DN) account of explanation.

     The image of science held by the empiricist consensus accepts the cognitive goal of science as
explaining observable phenomena and regularities amongst them. Although defenders of the consensus
agreed that philosophy of science should provide a precise clarification of the criteria for a "scientific
explanation,"  unfortunately the actual content of science includes explanations of many very different
sorts and there are a variety of ways of characterizing these differences.  In particular because they
tended to take physics as the most perfected of the sciences, and because it seems to embody mostly a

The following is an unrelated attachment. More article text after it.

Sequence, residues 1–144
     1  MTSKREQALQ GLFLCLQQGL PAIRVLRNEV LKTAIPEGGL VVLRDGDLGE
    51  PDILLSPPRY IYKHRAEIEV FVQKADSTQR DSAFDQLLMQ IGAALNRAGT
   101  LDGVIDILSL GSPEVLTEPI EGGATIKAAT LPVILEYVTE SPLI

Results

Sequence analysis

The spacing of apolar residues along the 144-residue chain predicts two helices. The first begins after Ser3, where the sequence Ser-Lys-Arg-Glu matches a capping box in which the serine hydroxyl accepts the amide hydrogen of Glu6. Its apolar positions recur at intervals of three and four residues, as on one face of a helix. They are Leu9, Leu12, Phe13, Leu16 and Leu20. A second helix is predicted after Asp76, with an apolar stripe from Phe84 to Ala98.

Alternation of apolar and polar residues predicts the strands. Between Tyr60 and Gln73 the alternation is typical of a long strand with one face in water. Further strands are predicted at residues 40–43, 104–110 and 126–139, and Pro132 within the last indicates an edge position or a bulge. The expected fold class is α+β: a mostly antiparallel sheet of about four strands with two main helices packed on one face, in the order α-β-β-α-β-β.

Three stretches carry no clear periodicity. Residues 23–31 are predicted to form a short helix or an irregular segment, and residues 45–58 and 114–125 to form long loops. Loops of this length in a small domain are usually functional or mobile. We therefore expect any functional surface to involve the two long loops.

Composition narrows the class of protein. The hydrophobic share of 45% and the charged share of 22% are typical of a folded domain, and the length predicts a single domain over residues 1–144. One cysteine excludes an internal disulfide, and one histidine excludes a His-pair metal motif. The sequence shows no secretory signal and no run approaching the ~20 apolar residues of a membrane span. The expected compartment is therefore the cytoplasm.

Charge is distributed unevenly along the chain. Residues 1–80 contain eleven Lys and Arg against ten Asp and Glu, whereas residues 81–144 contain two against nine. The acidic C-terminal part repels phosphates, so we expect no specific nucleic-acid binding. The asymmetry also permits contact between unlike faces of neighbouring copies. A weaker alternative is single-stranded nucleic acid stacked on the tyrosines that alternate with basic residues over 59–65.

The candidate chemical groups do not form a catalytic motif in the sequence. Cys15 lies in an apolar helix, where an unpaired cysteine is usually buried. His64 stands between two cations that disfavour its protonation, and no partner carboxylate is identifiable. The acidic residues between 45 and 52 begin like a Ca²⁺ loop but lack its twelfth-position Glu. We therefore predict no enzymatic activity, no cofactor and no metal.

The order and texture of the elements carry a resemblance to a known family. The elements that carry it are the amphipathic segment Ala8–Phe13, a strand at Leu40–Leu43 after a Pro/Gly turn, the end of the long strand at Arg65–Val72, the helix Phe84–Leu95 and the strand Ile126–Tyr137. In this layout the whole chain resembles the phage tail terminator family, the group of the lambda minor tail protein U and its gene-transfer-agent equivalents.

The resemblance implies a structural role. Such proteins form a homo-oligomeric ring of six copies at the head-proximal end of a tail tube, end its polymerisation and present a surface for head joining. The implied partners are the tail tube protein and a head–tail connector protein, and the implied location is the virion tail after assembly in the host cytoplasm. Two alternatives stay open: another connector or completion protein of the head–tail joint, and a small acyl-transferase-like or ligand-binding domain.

deductive form of explanation, consensus defenders originally identified the criterion of a scientific
explanation in the claim that it could be logically cast (or recast by the philosopher) as having the form
of a valid deductive argument.

       Statements of          +          Statements of       =>     Statements Describing
     Initial Conditions                 Laws & Theories             Explained Phenomena

    Here "=>" symbolizes the relation of "valid deductive implication".

     The premises of the argument which forms the explanation consist of two kinds of statements:
        a) statements describing "initial conditions" and
        b) statements of "laws & theories"

These two classes of statments forming the explanation are referred to by the Latin word the "explanans".
The conclusion of the argument, which is alleged to be validly deduced from the explanans, is the statement(s) describing the phenomenon which is being explained; it is called the "explanandum".